In This Article Expand or collapse the "in this article" section International Classification of Diseases and Related Health Problems, Mental and Behavioural Disorders Chapter

  • Introduction
  • Special Journal Issues
  • ICD History and Context
  • Cross-Cultural Applicability

Psychology International Classification of Diseases and Related Health Problems, Mental and Behavioural Disorders Chapter
Jared Keeley
  • LAST MODIFIED: 26 October 2023
  • DOI: 10.1093/obo/9780199828340-0191


The International Classification of Diseases and Related Health Problems (ICD) is a codified list of health conditions produced by the World Health Organization (WHO). The purposes of the ICD include, among many others, providing a consensual set of definitions for health conditions used to track disease burden, facilitating access to services, and defining what conditions qualify for subsidized care. The Mental and Behavioural Disorders (MBD) chapter of the ICD has been included since its 6th edition. The eleventh edition was approved in May 2019 with the expectation that countries would start reporting health statistics using it starting in January 2022. Countries may adopt their own timeline for transitioning to the ICD-11, and many still use the ICD-10 as of 2023. The ICD-10 comes in three versions: the Clinical Descriptions and Diagnostic Guidelines are flexibly worded descriptions of all categories intended for mental health practitioners; the Primary Care version is a simplified list of the most important categories for primary care workers; and the Research version has stricter, more operationally defined definitions for research. The ICD-11 will have the same three versions, although the research version may look substantially different from ICD-10’s format because it will be published as a structured interview called the Structured Clinical Interview for ICD-11 (SCII-11); it will be asynchronously released after the other two versions. Relative to other diagnostic classifications, the ICD places a strong focus on cross-cultural applicability and practicality, given that it must be applied in diverse health contexts and world regions.

Special Journal Issues

Before addressing specific sources in the ICD History and Context, Field Trials, Evidence Review for Diagnostic Areas, and Cross-Cultural Applicability sections, this section reviews special issues of journals devoted to the ICD. As such, these are good sources for quickly identifying a wide range of topics relevant to the ICD. Some of the individual articles from these special issues are included in the bibliography below, but others are still worth identifying and reading, so these special issues are included here as orienting materials. Readers should start with Gureje, et al. 2012 and Roberts 2010, as both of these special issues provide context about the rationale for the ICD-11 development. The other special issues have more focused topics. Horton 2015 is an overview of changes to the Personality Disorders, which represents one of the largest conceptual shifts in the ICD-11. Bach, et al. 2021 includes additional empirical evidence regarding the new Personality Disorders model. Maj and Reed 2012 and Stein, et al. 2014 include detailed descriptions of proposals for individual diagnoses. Khoury, et al. 2012; Trémine 2011; and Sharan and Keeley 2018 present cross-cultural considerations surrounding the ICD-11, addressing the Arab world, French speakers, and Southeast Asia, respectively.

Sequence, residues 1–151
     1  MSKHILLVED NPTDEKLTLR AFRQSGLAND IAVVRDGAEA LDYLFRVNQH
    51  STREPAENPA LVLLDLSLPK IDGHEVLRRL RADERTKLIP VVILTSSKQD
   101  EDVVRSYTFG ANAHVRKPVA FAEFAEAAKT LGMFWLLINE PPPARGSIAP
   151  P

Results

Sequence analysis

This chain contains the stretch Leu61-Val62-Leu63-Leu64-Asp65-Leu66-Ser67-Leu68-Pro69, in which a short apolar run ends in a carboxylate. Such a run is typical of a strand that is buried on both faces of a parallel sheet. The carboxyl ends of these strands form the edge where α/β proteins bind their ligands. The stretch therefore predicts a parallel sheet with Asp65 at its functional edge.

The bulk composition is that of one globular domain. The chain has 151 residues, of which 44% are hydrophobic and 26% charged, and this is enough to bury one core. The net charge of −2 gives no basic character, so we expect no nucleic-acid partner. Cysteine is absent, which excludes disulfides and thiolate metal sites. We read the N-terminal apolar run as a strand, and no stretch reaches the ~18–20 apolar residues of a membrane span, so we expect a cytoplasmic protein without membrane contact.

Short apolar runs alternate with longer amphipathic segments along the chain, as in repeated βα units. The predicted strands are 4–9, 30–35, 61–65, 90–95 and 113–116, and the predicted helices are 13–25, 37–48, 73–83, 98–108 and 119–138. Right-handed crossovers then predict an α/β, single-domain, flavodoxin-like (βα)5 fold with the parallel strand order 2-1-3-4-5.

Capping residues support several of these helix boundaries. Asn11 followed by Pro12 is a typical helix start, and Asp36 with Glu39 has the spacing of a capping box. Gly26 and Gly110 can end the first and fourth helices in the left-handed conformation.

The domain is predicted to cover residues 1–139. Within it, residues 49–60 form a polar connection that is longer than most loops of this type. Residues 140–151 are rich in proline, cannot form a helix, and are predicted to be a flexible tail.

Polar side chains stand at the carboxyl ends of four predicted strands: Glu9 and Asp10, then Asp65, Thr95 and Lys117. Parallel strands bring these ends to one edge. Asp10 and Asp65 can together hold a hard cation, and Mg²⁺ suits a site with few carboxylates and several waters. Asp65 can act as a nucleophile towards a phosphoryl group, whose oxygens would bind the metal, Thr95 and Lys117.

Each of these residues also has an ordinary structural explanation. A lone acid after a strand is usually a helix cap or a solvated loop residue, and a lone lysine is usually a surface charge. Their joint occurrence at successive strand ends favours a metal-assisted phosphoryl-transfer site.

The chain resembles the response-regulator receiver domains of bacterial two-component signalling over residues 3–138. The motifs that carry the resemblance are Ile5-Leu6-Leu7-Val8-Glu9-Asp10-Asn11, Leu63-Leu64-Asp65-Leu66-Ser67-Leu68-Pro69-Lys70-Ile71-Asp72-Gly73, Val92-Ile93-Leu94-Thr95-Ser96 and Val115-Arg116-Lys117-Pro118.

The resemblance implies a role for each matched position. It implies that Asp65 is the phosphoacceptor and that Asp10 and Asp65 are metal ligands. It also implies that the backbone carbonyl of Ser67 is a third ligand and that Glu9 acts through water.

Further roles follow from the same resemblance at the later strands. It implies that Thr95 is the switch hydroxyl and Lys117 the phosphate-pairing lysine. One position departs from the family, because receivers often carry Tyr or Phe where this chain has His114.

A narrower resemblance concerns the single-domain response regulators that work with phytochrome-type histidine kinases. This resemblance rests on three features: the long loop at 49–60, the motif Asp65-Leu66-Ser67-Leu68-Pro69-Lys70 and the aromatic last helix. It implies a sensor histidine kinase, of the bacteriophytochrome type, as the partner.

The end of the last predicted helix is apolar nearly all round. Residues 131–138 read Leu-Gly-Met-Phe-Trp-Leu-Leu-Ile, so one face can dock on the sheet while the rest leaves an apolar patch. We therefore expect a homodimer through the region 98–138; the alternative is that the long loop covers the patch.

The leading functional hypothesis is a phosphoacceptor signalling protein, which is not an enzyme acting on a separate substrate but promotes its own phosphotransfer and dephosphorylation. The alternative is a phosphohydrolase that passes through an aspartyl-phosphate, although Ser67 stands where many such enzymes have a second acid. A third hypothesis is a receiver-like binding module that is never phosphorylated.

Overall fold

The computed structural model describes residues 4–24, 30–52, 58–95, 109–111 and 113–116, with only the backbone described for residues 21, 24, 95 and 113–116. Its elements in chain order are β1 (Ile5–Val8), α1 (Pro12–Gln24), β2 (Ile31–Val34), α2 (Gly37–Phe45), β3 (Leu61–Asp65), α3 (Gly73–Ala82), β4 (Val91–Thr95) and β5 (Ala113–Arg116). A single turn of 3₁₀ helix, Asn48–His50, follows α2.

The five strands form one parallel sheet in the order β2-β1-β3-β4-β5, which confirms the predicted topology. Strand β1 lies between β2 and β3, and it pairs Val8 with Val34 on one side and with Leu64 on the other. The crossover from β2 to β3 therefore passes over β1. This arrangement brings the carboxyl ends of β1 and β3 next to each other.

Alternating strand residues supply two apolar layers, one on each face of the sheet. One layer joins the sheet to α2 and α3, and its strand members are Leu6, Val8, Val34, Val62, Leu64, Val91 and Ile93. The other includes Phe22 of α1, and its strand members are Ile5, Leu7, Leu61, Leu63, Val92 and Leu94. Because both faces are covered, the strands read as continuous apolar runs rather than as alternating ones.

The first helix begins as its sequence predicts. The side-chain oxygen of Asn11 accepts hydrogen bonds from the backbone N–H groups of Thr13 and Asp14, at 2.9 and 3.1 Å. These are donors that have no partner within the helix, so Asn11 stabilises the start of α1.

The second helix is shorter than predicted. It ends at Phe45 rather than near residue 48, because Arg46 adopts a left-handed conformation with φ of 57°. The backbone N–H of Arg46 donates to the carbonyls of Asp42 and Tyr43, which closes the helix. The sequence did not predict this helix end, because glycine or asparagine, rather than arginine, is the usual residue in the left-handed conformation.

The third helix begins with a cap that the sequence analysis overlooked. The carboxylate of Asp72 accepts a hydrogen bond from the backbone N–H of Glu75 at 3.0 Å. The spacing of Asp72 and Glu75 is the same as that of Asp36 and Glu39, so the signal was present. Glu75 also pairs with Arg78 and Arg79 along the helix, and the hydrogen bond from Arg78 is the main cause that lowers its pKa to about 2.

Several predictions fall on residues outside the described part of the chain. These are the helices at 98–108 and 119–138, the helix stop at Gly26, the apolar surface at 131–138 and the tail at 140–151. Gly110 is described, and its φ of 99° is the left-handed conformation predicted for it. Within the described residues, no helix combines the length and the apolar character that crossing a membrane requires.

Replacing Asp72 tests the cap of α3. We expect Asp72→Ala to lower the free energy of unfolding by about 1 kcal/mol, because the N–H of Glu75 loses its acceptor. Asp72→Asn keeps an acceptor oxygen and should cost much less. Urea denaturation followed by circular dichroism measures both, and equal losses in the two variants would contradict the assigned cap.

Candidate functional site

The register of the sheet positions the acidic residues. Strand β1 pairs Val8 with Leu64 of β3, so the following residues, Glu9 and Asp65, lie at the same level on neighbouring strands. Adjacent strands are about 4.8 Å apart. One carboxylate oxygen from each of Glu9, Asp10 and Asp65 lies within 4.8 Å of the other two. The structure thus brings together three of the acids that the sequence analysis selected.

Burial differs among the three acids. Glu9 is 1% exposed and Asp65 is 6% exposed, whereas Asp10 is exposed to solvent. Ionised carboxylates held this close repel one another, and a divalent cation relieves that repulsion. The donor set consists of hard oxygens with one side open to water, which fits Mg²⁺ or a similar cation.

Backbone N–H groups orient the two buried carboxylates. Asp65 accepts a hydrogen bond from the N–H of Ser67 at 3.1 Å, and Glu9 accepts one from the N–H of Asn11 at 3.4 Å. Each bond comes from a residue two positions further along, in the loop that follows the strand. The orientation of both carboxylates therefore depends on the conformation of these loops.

• Bach, B., A. Somma, and J. W. Keeley, eds. 2021. Special issue: ICD-11 personality disorders; Utility and implications of the new model. Frontiers in Psychiatry.

    DOI: 10.3389/978-2-88974-008-6

    This special issue includes empirical and conceptual developments regarding the utility of the new ICD-11 personality disorders model following its release. The articles represent a range of evidence supporting the new model, including its relationship with other existing models like the Alternative Model of Personality Disorder (AMPD) in DSM-5.